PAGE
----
Learning Tools to Wax On and Wax Off – Mr. Miyagi Where You At?

I can’t stop learning. I don’t think that’s a confession. I hope it isn’t a confession. It’s more a statement that should be recognized as universal.

I can’t stop learning. We – the people – can’t stop learning.

But where is the learning happening? And how is it happening?

Kids from 8-18 are consuming approximately 10 hours of media a day. Minority youth are closer to 13 hours a day. That’s important.

How are schools around the world coping with this digital/media revolution?

A 2010 study done by PBS and Grunwald Associates shows that nearly all K-12 teachers use some form of digital media–including interactive games, activities, lesson plans, and simulations–for learning…more than 62 percent report that they use digital media frequently (two times a week or more) and nearly 24 percent report that they use digital media every day for classroom instruction.

By 2015 the entire nation of South Korea will have completely digital textbooks for all of their K-12 students. Technology must be used as a tool to reach and engage students. Companies like Piazza have come from groups of students given the license to collaborate and create with digital technology.

The desire for student driven content is increasing at such a rate that old models of “top down” publishing will no longer be able to sustain the weight of educational demand. Last summer the U.S. Department of Education announced the creation of its National Learning Registry, an on-line reservoir for digital learning content from all over the nation.

But what tools do students and teachers have to critically examine this content? Where will they get them?

There are no real start to finish tools that create engaging, 21st century content made FOR the people BY the people.

Until students begin to see the deep value of learning made relevant to them – what are their role models for learning? Where do they look for these role models? In the media!

The kind of lessons learned by Ferris Bueller and Cameron Frye about life, family, love, anger, honesty, and friendship have resonated with youth in the decades since the film was made.

The legendary car scene teaches a necessary life lesson under three minutes – that is efficient education.

Learning happens through experimentation and memories linked to tactile experience:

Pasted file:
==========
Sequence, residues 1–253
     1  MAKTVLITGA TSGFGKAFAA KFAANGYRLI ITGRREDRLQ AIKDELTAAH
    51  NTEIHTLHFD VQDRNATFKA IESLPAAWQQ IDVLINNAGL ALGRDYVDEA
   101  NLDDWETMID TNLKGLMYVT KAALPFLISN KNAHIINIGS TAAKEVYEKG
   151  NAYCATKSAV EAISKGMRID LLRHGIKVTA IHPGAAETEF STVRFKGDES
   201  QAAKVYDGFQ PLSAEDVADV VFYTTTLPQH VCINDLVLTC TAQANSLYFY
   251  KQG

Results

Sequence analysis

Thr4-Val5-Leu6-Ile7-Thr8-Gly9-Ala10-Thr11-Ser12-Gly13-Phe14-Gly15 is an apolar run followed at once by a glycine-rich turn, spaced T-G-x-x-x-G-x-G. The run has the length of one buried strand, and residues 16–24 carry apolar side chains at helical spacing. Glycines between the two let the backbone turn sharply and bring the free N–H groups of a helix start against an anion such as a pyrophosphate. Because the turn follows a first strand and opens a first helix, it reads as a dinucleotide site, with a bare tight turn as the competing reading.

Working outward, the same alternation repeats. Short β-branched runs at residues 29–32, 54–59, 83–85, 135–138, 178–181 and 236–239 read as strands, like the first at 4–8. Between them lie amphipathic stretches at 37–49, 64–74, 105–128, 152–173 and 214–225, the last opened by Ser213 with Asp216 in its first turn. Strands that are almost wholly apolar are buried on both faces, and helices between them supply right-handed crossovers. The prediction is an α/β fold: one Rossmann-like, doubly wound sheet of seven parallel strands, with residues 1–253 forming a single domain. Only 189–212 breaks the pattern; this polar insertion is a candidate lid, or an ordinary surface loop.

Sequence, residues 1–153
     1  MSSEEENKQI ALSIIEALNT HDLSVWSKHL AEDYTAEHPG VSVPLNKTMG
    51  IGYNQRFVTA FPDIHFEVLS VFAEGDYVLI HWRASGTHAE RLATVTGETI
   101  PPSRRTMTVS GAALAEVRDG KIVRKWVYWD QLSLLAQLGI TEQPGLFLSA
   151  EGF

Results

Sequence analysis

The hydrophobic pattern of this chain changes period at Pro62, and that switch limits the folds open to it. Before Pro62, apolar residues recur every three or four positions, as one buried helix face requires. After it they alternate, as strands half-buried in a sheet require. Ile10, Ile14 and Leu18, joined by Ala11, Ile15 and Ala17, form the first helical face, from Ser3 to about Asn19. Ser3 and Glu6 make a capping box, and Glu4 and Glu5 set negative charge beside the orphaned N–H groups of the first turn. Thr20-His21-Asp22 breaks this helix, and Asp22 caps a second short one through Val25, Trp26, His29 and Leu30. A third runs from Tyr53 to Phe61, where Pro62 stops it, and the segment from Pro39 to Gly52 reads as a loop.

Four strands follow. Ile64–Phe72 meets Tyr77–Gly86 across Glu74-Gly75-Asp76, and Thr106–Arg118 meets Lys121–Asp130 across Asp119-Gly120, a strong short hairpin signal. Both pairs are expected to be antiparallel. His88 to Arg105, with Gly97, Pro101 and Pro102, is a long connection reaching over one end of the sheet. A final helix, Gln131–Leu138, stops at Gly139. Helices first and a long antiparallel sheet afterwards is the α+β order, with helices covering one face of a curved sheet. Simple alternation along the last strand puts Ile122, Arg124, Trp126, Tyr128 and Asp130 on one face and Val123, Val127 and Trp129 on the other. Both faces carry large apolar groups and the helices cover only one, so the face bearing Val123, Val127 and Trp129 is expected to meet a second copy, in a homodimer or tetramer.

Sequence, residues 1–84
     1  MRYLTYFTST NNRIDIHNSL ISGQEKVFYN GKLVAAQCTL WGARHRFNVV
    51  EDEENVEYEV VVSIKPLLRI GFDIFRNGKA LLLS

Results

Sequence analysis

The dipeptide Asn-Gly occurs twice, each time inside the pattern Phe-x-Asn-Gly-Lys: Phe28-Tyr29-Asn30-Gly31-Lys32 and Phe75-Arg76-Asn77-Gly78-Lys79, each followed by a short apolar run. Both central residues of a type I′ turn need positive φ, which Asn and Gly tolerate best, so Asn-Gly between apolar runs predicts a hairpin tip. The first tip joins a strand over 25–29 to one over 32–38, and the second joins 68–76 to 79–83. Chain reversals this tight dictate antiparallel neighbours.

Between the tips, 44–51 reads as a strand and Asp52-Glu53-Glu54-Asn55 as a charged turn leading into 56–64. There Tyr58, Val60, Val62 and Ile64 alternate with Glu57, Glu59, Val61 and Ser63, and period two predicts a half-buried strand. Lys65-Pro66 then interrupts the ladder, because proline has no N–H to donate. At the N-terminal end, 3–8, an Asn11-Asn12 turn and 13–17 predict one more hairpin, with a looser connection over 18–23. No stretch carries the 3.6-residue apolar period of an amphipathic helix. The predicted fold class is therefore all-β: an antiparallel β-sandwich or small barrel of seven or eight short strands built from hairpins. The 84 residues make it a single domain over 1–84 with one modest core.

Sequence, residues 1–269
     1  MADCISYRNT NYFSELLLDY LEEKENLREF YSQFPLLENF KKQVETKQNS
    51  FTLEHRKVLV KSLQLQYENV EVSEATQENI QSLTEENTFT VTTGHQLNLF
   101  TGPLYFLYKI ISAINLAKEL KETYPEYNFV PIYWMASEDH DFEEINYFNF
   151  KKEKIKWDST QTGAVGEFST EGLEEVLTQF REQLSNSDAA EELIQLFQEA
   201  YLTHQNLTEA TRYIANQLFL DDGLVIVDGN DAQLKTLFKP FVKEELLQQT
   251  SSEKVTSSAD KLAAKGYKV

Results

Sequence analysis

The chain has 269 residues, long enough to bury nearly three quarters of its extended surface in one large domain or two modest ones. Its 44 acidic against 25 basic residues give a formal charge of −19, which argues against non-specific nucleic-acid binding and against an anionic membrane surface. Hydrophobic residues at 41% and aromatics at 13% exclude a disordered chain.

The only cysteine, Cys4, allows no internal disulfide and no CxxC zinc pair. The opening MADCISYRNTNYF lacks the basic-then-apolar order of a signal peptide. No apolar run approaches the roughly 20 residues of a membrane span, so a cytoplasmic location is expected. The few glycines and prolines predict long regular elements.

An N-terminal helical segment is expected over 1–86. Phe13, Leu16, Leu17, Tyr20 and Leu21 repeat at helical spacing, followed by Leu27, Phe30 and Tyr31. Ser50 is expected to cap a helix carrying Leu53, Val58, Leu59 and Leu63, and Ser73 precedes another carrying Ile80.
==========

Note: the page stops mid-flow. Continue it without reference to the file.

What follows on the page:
The 1999 cinematic masterpiece, “The Wood“, starring Omar Epps highlights the journey of three best friends growing up in Inglewood, California.

Learning happens through experimentation and memories linked to tactile experience:

The deep philosophy of Mr. Miyagi was eternally embedded into the human psyche through The Karate Kid. A simple four words demonstrate the power of a balanced universe and self-knowledge found through inner peace. These powerful words were then repeated by Jackie Chan to remind a new generation of what they may have forgotten.

Learning happens through experimentation and memories linked to tactile experience:

Learning happens when it’s not forced. When you’re comfortable and you’re motivated and you feel like your actions will bring something valuable into the world. Learning happens when you do the unexpected. Learning happens through risk-taking, through drastic circumstances, and through tension resolved by breaking through.

Let’s not be afraid of the unknown. Let’s see what we can come up with together, but we must have the tools to experiment first.

PS – newquill

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4 thoughts on “Learning Tools to Wax On and Wax Off – Mr. Miyagi Where You At?

  1. What an exciting post!

    “Technology must be used as a tool to reach and engage students. Companies like Piazza have come from groups of students given the license to collaborate and create with digital technology.”

    I absolutely agree! Literacy in my English classroom must ultimately expand beyond the current definition of reading, writing, speaking and reasoning. It must incorporate, ferment, and utilize new digital media formats, computer programming languages, website development, social networking, new digital production and editing tools, and computer programming languages.

    “Let’s not be afraid of the unknown. Let’s see what we can come up with together, but we must have the tools to experiment first.”